This isn’t a short process, because it’s like a marriage; the other person and you have to ‘click’, and you kiss a lot of frogs. BUT – keep with it, because when you find people who ‘get’ your writing, they can REALLY help you!!!!

  • I laughed too (although my computer screen is still clean). I start with a beginning and end and a few things that need to happen in the middle. I’ve been rather stuck this time, partly due to historical research gaps and partly not having *enough* happening in the middle. I must say that finding out that you hate “the wasteland, laying stones in the mud as we go” made me realize that I am there now – and somehow that makes me feel better. Nice to know I’m not alone! Although I did work on climax action out of order when I was stuck. *grin*

    • Oh Jennifer, glad you’re not mad at me for bringing to your attention how miserable you are! If it makes you feel better, you made me shudder at writing out of order.

      May you find lots of stones to lay through the wasteland!

  • tinanewcomb

    I have s similar process for the story, but I’m an over editor. I edit my edits and then edit them again. I’m going to try your way, Laura, at least to get the first the manuscript finished and then I’ll fight the editor demon in me. I guess I’m lucky my panic doesn’t start until about 74%. I love my characters and I love the storyline and know beginning, middle and then fizzle when it’s time to solve the conflict, even though I know the ending. Plotting gives me hives so I’ll keep my pantser self plugging along.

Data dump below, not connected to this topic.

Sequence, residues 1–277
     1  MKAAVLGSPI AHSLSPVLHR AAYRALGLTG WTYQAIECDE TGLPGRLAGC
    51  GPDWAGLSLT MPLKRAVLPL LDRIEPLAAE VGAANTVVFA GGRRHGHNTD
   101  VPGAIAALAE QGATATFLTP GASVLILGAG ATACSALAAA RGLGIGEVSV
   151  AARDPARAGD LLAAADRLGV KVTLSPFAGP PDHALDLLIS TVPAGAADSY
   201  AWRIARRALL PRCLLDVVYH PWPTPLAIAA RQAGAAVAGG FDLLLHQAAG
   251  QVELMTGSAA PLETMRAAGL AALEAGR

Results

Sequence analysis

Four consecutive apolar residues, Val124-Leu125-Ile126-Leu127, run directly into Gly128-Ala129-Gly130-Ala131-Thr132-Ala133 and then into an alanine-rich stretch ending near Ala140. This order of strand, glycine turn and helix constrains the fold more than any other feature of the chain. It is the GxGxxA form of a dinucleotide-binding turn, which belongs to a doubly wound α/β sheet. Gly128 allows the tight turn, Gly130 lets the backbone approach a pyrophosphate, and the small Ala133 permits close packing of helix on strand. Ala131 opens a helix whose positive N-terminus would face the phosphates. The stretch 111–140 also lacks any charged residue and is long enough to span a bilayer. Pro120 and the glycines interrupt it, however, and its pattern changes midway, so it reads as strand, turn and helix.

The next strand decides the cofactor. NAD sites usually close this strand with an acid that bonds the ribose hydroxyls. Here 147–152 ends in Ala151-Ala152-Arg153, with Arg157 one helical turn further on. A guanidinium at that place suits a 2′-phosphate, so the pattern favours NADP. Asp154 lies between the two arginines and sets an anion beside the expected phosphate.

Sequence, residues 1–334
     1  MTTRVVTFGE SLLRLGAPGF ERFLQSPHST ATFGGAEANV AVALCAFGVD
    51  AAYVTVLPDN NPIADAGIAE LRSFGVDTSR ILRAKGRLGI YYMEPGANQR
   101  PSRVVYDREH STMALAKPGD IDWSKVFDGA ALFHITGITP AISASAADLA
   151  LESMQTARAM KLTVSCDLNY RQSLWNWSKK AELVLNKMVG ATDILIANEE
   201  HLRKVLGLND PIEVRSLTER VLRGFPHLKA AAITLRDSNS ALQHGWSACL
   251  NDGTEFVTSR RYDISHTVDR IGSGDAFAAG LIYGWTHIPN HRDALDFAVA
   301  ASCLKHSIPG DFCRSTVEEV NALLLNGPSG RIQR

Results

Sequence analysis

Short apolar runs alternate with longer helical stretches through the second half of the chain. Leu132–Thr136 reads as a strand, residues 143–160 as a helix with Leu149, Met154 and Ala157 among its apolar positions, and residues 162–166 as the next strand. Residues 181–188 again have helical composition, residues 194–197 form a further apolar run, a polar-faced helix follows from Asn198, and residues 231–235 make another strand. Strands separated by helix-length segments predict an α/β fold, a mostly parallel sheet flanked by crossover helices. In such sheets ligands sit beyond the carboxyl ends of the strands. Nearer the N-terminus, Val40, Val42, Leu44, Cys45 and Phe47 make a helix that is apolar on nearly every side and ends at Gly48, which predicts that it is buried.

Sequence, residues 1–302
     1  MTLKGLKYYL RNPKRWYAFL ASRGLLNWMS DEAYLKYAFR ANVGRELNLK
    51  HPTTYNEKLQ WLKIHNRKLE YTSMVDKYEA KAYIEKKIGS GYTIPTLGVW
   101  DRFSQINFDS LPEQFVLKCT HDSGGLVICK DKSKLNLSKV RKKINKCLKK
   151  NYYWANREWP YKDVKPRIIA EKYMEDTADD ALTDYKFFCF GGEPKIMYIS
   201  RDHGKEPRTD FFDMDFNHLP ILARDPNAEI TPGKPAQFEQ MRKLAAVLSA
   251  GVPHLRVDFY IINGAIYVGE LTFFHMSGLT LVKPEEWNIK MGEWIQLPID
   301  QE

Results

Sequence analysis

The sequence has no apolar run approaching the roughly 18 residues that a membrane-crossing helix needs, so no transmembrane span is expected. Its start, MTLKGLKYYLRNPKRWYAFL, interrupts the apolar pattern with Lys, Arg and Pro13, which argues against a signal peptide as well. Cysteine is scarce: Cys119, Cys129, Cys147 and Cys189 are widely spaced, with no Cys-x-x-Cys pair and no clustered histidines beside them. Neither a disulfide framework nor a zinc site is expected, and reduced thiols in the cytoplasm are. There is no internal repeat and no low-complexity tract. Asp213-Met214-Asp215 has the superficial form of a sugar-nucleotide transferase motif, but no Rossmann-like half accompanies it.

• A little late to the comment party, but I think I just found my writing process twin. Sounds a lot like what’s going on over here, although, what’s going on with me at the moment are false starts. I’ve got this great setting, but I keep re-writing the beginning. First there was psych hospital, now there’s not. Then my protag was agoraphobic…, now she’s not. And a few other ideas written and scrapped since. I have to believe this is because I don’t really know my character/s, or story yet. At the moment, I’ve gone from 10,000 down to 500 with all the changes. Sheesh.

    Loved the post!